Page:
Ready for EU-sponsored free wifi?

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The European Union's fund for free wireless internet connection hotspots is most popular in Belgium, Bulgaria, Croatia, Italy, Malta, Slovenia and Romania. Check if your municipality pre-registered.

The European Union’s fund for free wireless internet connection hotspots is most popular in Belgium, Bulgaria, Croatia, Italy, Malta, Slovenia and Romania. The scheme, called WiFi4EU, has already attracted the interest of around 17,000 European municipalities that have pre-registered for a voucher, which can be used to pay internet companies to set up the wifi infrastructure. However, only around 2,500 municipalities are expected to benefit from the fund under the 2018 budget.

The first call of proposals will be launched on 15 May and will be handed out on a first-come, first-served basis to those municipalities that have pre-registered – which is possible until 1pm on 15 May – and then apply through the fund’s website. Ahead of that deadline, EUobserver and the European Data Journalism Network (EDJNet) teamed up to look at where the pre-registered European municipalities are from.

When looking at Europe’s different regions, and the share of municipalities that have pre-registered, a couple of EU countries stand out. In particular, southern European countries have high pre-participation rates. 

Almost all municipalities in Malta registered, and 75.4 percent of towns in Sicily. Adriatic Croatia has a rate of 70.9 percent. Pre-registration shares are also high in western German states and Belgium. At the bottom end, the scheme has not proven very popular in most of the Czech Republic, southern Greece, and the United Kingdom. Except for the UK, lack of awareness of the fund could be as much of an explanation for that as already having sufficient public wifi available.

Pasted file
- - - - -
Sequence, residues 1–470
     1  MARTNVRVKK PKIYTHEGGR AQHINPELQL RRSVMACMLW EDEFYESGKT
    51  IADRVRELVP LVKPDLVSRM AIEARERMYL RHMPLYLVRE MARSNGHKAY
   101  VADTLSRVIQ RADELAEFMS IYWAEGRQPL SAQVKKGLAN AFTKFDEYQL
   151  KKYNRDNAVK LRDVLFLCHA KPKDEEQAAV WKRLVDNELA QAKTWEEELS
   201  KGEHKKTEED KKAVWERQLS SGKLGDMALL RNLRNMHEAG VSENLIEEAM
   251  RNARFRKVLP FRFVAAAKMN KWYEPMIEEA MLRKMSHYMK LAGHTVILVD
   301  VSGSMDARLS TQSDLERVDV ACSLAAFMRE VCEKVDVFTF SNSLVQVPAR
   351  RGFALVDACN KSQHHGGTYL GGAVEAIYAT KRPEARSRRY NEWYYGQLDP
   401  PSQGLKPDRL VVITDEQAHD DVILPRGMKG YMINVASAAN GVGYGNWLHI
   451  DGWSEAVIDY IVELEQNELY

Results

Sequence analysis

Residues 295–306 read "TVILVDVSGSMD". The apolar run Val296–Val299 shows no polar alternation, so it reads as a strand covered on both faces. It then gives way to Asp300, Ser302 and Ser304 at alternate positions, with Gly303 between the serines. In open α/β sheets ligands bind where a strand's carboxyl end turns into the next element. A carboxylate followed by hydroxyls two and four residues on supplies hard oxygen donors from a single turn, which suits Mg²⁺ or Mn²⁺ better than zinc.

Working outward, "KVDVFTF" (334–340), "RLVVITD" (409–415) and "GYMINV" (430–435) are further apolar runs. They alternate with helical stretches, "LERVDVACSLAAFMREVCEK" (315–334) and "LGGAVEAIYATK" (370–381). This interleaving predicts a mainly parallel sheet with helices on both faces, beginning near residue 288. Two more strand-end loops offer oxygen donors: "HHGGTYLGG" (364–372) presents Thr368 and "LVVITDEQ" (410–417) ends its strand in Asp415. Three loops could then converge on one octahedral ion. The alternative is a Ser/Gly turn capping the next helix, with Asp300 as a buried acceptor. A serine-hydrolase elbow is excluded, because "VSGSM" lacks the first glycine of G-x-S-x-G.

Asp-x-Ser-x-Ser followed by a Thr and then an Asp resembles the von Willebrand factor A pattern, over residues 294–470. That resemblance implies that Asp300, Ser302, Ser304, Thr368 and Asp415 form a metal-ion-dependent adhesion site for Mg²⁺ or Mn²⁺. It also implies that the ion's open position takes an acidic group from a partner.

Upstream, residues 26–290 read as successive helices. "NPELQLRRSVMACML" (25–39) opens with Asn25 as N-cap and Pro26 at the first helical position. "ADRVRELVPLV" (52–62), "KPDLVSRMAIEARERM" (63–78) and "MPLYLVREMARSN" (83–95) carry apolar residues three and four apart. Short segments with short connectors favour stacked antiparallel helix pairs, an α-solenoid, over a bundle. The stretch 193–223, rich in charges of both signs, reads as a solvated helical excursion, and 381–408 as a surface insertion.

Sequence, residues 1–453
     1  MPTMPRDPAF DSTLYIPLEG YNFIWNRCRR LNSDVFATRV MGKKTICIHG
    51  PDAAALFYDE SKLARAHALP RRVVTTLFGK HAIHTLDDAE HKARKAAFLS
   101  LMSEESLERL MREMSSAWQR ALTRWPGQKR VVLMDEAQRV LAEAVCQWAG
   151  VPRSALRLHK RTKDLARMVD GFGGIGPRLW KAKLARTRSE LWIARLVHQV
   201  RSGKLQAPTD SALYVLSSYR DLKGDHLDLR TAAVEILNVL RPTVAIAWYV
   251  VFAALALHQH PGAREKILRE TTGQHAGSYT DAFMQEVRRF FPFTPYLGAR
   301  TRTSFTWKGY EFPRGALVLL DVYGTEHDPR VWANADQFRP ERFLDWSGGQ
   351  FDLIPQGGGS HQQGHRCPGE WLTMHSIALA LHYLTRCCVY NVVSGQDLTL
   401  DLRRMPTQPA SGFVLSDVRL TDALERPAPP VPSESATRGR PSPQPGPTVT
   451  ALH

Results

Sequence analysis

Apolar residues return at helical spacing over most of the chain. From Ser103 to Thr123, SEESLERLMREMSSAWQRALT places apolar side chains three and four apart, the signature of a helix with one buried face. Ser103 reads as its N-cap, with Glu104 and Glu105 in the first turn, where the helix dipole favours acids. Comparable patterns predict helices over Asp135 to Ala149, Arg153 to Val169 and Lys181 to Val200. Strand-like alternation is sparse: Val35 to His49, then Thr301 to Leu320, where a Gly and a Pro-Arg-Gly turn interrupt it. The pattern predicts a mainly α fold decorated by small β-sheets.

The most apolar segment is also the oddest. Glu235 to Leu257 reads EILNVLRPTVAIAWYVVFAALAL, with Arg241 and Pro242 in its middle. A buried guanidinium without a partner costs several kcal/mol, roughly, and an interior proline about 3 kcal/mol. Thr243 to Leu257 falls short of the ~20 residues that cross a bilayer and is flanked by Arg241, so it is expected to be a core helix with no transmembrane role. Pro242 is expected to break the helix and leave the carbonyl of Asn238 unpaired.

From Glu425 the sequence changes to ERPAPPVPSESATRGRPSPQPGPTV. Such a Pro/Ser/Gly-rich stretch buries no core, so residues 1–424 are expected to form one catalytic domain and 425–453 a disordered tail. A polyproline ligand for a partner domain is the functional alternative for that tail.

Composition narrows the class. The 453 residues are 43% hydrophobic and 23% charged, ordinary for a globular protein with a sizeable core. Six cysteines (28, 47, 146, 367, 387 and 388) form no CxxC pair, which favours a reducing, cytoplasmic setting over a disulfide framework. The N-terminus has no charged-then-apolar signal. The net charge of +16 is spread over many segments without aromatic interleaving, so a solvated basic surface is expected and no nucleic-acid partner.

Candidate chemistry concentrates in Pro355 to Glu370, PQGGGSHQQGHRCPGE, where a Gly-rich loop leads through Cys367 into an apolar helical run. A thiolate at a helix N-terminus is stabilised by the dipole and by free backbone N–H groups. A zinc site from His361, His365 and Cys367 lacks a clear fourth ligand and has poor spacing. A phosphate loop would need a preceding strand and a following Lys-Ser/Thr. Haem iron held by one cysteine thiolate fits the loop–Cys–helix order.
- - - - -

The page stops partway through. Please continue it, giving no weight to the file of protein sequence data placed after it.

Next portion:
None of the municipalities in Northern Ireland have pre-registered, and very few in the rest of the UK, which will only be eligible after Brexit if specific arrangements were made. Only the Highlands and Scottish islands pop up, because 4.7 percent of municipalities there have pre-registered. Taking the United Kingdom as a whole, only 0.8 percent of municipalities have pre-registered.

Applicant municipalities for the WiFi4EU program

When looking at the share of municipalities in the EU’s 28 countries, Malta tops the list with 97.1 percent of municipalities pre-registered – followed by Bulgaria (86 percent), Croatia (67.6 percent), Slovenia (59.9 percent), Belgium (54 percent), Italy (45.5 percent), Romania (44.9 percent). In Denmark, only 1.3  percent of municipalities pre-registered.

Similarly small shares can be found in Greece (3.9 percent), France (5.9 percent), Czech Republic (6 percent), Portugal (8.6 percent), and Lithuania (9.5 percent).

Taking another point of view – in the same map above – one can see that the three biggest EU states of the remaining 27 have most of the EU’s pre-registered municipalities. Italy (21.9 percent), Germany (14.5 percent), and France (12.7 percent), take up almost half of all pre-registered municipalities. That can be explained by their sheer size and number of municipalities.

Because of the first-come, first-served basis, it could be that just a few member states take most of the available vouchers if they happen to be quick. However, under the first call each EU country will receive at least 15 vouchers.

If you want to find out if your municipality has pre-registered, you can follow this link (loading may take a while).

Update 18 May: This article is based on data from the European Commission’s WiFi4EU portal, downloaded on 15 May, after the final deadline of pre-registration.

Garaj Auto Romanesc, Mecanici Romani in Londra 07951900244 Meadow Industrial Estate Unit 9, Dale Cl, Barnet, Greater London EN5 1AU
Garaj Auto Romanesc, Mecanici Romani in Londra 07951900244 Meadow Industrial Estate Unit 9, Dale Cl, Barnet, Greater London EN5 1AU
About Carmen Aguilar García 1 Article
After Spain and Chile, I am now based in the United Kingdom. Yes, I do love travelling, but it’s journalism what has made me switch countries and formats. I’ve been a TV and a multimedia reporter, and I am now falling in love with data journalism. Some of my skills: visualisation, video edition, data analysis and learning coding. English, español, italiano and Deutsch.